Know Your Rights

The American Civil Liberties Union (ACLU) has a variety of different resources and information to know your rights for immigrants. Their website directs you to various scenarios you may or may not encounter and provides you with advice on how to navigate each one. For instance, if you have been stopped by police or ICE:

How to Reduce Risk to Yourself

  • Stay calm and do not resist or obstruct the agents or officers.
  • Do not lie or give false documents.
  • Prepare yourself and your family in case you are arrested. Memorize the phone numbers of your family and your lawyer. Make emergency plans if you have children or take medication.

Your Rights

  • You have the right to remain silent. If you wish to exercise that right, say so out loud. (In some states, you may be required to provide your name if asked to identify yourself.)
  • You do not have to consent to a search of yourself or your belongings, but police may pat down your clothing if they suspect a weapon.
  • If you are arrested by police, you have the right to a government-appointed lawyer.
  • If you are detained by ICE, you have the right to consult with a lawyer, but the government is not required to provide one for you. You can ask for a list of free or low-cost alternatives.
  • You do not have to answer questions about where you were born, whether you are a U.S. citizen, or how you entered the country. (Separate rules apply at international borders and airports, and for individuals on certain non-immigrant visas, including tourists and business travelers.)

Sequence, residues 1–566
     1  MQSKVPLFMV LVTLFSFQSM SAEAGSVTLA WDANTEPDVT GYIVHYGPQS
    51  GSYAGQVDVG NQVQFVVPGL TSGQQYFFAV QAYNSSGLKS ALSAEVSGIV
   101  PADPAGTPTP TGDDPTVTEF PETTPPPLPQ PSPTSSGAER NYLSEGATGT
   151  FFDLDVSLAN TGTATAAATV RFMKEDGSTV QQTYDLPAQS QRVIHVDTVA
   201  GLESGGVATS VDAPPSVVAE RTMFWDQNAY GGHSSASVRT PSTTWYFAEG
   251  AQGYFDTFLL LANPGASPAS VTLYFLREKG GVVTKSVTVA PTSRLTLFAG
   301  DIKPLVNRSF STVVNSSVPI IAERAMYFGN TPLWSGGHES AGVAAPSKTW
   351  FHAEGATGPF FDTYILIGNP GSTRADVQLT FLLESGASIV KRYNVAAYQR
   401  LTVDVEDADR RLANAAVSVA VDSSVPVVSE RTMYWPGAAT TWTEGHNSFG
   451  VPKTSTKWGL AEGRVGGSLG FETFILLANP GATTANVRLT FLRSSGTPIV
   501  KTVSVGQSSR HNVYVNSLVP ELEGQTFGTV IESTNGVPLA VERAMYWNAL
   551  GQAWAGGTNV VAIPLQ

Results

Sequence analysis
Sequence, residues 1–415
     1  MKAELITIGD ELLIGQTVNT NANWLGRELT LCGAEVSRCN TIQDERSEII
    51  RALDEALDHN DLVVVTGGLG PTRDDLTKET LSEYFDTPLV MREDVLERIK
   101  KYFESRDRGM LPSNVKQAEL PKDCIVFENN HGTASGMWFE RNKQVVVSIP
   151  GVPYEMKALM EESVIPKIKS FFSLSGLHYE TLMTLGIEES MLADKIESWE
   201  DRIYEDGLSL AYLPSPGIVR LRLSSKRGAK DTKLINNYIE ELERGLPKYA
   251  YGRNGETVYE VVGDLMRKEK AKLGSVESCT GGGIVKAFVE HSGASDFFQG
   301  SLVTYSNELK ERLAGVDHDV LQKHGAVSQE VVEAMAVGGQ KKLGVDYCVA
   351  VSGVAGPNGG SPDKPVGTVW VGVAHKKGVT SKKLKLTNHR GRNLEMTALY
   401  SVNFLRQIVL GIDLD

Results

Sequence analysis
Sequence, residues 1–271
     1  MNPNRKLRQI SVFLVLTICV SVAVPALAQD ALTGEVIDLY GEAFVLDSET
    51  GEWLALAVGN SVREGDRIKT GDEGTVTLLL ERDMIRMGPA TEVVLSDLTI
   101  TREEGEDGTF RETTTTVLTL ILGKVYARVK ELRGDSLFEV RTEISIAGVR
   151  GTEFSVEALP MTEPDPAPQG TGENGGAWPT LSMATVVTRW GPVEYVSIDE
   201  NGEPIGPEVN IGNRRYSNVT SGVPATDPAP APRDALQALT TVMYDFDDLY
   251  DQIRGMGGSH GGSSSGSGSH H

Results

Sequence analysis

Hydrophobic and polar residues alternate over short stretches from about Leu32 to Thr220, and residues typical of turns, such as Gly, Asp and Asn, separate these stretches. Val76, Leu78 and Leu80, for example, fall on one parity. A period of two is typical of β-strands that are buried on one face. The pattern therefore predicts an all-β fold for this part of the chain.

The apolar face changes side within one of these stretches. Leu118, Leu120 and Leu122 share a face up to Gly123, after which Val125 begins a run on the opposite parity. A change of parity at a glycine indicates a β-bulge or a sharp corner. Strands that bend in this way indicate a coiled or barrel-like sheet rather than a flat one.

What to do if you are arrested or detained

  • Say you wish to remain silent and ask for a lawyer immediately. Don’t give any explanations or excuses. Don’t say anything, sign anything, or make any decisions without a lawyer.
  • If you have been arrested by police, you have the right to make a local phone call. The police cannot listen if you call a lawyer.
  • If you have been detained by ICE, you have the right to contact your consulate or have an officer inform the consulate of your detention.
  • Remember your immigration number (“A” number) and give it to your family. It will help family members locate you.
  • Keep a copy of your immigration documents with someone you trust.
  • If you are a non-citizen: Ask your lawyer about the effect of a criminal conviction or plea on your immigration status. Don’t discuss your immigration status with anyone but your lawyer. While you are in jail, an immigration agent may visit you. Do not answer questions or sign anything before talking to a lawyer. Read all papers fully. If you do not understand or cannot read the papers, tell the officer you need an interpreter.

If you believe your rights were violated

  • Write down everything you remember, including officers’ badges and patrol car numbers, which agency the officers were from, and any other details. Get contact information for witnesses.
  • If you’re injured, seek medical attention immediately and take photographs of your injuries.
  • File a written complaint with the agency’s internal affairs division or civilian complaint board. In most cases, you can file a complaint anonymously if you wish.

You can access more of these resources and scenarios on the ACLU website here.

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